Texas Lane-Splitting Bill Would Make Filtering Legal For Motorcyclists in the Lone Star State

Texas is considering joining California in making lane-splitting legal. But the bill’s merits might not matter.

Will Texas legalize lane-splitting for motorcyclists?
Will Texas become the next state to legalize lane-splitting for motorcyclists?Photo: Zack Courts

They say everything is bigger in Texas, but bigger isn't always better, especially when it comes to traffic jams. The Lone Star State is contemplating becoming only the second state, after California, to allow motorcycle riders to split lanes in heavy traffic under certain conditions.

Texas Senate Bill 228 was introduced on December 9, 2016, and if passed would make it legal for motorcycles to ride between lanes of traffic on limited-access or controlled-access highways during periods of traffic congestion at a speed not more than 5 mph above the speed of other traffic, and only if that traffic is moving at 20 mph or less.

Lane-splitting, which was a long-standing but legally-ambiguous practice in California until it was made legal there in 2016, is common in Europe where motorcycles typically "filter" to the front of the line at intersections and ride between lanes of traffic in crowded cities. Lane-splitting advocates in the US cite the safety of the practice overseas as well as its effect on reducing traffic congestion.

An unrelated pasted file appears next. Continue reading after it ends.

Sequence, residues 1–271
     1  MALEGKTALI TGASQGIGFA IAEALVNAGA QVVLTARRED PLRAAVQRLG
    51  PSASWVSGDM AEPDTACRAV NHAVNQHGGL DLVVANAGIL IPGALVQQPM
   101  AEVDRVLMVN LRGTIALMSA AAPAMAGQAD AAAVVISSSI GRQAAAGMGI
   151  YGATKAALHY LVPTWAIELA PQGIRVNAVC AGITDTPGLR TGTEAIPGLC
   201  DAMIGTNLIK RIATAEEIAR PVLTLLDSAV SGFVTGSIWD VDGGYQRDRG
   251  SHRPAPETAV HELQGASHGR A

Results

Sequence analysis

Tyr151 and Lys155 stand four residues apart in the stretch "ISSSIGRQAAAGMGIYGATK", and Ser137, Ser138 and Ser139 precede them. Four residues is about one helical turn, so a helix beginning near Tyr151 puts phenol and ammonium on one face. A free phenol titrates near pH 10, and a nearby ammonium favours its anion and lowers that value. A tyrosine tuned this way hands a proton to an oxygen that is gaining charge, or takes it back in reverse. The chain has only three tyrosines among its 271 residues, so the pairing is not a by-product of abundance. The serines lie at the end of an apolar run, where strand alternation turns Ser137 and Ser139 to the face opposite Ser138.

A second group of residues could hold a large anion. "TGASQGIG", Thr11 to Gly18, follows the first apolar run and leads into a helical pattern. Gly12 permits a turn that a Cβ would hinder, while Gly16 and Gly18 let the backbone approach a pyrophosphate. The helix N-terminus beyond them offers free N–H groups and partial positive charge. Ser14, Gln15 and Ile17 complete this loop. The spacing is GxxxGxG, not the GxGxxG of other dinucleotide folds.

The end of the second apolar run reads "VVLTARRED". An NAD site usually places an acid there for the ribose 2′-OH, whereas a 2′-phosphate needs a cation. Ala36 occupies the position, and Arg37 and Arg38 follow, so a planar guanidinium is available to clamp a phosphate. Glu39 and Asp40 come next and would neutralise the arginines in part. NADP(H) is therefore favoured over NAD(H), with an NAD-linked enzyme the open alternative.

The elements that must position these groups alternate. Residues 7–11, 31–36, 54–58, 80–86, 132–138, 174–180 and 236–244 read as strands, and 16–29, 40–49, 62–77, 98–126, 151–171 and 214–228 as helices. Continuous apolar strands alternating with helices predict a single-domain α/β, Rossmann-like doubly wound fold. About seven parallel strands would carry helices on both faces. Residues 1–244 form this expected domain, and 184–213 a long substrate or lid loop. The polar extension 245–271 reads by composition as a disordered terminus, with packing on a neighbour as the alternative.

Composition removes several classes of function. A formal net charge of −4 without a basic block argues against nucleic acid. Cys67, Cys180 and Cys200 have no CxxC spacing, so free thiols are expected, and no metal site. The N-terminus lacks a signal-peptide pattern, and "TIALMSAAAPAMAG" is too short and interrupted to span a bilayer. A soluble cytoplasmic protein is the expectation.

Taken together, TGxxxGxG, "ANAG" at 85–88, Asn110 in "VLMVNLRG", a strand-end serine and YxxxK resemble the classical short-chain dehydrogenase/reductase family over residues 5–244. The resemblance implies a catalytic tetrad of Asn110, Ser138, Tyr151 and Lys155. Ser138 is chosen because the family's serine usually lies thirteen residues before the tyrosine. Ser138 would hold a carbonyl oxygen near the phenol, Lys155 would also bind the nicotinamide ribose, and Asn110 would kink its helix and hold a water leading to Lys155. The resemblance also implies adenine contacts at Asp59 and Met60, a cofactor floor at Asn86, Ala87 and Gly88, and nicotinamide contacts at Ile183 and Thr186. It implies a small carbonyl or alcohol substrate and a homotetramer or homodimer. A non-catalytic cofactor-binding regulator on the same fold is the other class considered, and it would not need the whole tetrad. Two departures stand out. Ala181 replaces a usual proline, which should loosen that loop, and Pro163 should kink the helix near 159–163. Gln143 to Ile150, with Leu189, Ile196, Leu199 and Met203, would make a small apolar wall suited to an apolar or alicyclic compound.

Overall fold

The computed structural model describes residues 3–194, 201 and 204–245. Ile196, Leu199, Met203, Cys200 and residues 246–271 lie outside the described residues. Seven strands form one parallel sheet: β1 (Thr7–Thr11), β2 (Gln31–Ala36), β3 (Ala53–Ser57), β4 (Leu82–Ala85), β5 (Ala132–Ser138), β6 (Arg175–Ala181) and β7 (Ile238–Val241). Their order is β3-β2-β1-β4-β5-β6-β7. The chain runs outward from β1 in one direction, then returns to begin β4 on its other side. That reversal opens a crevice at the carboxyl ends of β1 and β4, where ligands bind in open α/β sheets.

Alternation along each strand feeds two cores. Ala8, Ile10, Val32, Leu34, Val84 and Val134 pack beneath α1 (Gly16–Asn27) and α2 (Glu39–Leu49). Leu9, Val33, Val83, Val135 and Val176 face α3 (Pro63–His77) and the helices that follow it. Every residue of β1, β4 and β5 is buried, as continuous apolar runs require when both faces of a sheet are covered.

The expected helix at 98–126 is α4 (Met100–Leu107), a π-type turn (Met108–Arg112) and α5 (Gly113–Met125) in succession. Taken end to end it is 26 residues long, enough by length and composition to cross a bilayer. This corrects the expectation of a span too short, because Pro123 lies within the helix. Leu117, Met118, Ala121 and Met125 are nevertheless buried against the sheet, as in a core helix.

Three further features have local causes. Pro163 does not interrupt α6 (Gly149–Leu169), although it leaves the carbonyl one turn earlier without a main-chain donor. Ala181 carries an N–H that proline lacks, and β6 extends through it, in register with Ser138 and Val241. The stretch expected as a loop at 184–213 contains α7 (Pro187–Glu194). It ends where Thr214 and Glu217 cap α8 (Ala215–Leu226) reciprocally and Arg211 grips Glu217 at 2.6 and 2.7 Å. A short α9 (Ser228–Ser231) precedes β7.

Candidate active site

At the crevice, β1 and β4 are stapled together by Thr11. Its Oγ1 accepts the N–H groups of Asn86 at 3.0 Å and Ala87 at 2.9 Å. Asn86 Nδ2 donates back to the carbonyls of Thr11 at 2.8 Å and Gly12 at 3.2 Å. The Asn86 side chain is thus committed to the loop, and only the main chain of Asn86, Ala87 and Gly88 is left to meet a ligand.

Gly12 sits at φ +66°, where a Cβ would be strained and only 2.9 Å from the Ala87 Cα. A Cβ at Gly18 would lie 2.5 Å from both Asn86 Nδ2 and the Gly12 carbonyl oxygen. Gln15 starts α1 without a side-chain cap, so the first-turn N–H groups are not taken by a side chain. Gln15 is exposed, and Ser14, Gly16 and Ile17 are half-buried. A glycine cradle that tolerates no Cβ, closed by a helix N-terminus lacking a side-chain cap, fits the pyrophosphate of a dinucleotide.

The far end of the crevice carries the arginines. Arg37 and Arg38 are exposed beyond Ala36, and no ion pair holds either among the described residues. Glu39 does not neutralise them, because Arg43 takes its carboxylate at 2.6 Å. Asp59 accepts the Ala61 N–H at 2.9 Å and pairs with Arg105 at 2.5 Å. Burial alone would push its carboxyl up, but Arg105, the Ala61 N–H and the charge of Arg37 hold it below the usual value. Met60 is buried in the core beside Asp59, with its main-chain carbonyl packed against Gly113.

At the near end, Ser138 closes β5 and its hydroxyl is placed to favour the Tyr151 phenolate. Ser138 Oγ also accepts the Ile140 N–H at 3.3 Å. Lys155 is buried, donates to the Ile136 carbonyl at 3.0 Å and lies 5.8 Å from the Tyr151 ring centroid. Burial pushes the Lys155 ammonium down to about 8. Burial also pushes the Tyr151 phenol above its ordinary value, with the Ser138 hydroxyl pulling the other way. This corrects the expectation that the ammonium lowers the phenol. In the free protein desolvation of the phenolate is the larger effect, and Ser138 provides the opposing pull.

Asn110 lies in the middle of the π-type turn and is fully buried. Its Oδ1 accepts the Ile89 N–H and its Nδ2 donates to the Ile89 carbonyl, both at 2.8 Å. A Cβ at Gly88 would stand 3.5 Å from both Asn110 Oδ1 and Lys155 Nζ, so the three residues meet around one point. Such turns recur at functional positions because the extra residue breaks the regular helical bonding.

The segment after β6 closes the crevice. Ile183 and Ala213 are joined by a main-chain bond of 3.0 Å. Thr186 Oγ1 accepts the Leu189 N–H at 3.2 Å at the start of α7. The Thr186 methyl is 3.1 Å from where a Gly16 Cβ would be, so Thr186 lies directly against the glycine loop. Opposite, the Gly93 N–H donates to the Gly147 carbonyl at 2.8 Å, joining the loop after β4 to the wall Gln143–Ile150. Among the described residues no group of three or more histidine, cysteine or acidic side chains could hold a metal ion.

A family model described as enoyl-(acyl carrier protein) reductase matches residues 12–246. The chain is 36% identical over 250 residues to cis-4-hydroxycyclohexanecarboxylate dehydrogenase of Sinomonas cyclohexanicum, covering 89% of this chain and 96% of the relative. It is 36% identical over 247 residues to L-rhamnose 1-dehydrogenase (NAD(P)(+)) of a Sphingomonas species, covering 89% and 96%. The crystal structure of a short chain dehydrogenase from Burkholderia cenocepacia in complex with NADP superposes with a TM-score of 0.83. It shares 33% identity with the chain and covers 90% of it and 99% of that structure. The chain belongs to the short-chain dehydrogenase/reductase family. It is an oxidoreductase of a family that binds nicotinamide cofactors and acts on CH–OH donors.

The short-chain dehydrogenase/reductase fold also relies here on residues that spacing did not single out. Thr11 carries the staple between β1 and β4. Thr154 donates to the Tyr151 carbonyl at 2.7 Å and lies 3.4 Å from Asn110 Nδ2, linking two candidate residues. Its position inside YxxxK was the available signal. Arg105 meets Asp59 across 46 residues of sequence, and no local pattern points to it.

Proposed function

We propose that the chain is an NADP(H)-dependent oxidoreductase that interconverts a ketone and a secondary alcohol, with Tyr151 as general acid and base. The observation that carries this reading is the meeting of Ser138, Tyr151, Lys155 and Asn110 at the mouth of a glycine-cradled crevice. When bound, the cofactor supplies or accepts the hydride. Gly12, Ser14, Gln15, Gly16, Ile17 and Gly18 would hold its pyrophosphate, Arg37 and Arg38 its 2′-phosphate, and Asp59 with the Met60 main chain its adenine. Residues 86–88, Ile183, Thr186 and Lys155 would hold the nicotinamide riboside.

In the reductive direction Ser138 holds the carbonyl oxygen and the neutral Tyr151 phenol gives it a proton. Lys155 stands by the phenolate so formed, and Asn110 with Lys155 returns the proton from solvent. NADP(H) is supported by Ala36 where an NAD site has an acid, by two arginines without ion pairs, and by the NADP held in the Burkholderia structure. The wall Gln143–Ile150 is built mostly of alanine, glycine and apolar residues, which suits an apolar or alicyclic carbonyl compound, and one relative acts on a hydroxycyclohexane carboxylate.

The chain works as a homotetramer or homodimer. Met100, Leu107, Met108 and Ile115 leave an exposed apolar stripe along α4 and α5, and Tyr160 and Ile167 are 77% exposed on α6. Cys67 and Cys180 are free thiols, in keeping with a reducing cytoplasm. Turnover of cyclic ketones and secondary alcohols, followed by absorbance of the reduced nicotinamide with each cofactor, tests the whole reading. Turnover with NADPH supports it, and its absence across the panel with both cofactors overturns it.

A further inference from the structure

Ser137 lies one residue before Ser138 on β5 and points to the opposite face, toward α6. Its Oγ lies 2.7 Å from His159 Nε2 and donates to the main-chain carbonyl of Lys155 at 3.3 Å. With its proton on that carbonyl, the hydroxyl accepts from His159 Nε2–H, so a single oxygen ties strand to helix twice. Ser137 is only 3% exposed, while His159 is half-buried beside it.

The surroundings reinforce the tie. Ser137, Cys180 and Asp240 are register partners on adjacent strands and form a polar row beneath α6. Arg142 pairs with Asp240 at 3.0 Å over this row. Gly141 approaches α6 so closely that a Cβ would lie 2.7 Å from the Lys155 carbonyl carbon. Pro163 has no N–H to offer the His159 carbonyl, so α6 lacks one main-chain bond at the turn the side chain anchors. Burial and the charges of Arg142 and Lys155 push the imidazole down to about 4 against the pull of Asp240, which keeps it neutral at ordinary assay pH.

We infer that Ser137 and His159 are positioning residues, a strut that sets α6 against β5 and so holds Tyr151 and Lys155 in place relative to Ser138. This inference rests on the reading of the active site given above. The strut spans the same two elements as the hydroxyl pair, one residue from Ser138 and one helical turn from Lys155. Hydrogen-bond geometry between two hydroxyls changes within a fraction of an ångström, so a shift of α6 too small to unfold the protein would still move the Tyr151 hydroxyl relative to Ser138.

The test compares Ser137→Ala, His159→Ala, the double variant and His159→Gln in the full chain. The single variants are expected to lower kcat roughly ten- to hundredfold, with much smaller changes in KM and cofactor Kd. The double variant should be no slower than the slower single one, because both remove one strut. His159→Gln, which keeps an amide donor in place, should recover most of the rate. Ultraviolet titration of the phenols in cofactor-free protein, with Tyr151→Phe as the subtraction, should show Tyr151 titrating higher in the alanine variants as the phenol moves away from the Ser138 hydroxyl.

In addition to the usual arguments that lane splitting reduces traffic jams and is safer for motorcycle riders, who are sometimes the victims of inattentive car drivers plowing into them from behind as traffic slows, some Texas lane-splitting advocates advanced the additional argument that motorcycles, especially those with air-cooled engines, can be damaged by lengthy periods of slow moving in heavy traffic in the severe Texas heat, and that their riders are also in danger of dehydration and heat stroke.

SB 228 is set to be considered by the Texas Legislature during its 85th session, which ends on May 29. The merits of the bill, however, might not enter into whether it’s approved. As the Austin American-Statesman points out, in the last session of the Texas Legislature only 20.4 percent of the 6,276 bills filed became law. So while lane-splitting might be a good idea for Texas, the bill legalizing it will have to compete for time and attention with potentially thousands of other bills on the state senate floor before getting final approval.

Texas motorcyclists who are interested in supporting the lane-splitting bill and want to chat with others on the topic can join the Texas Riders For Lane-Splitting Facebook group.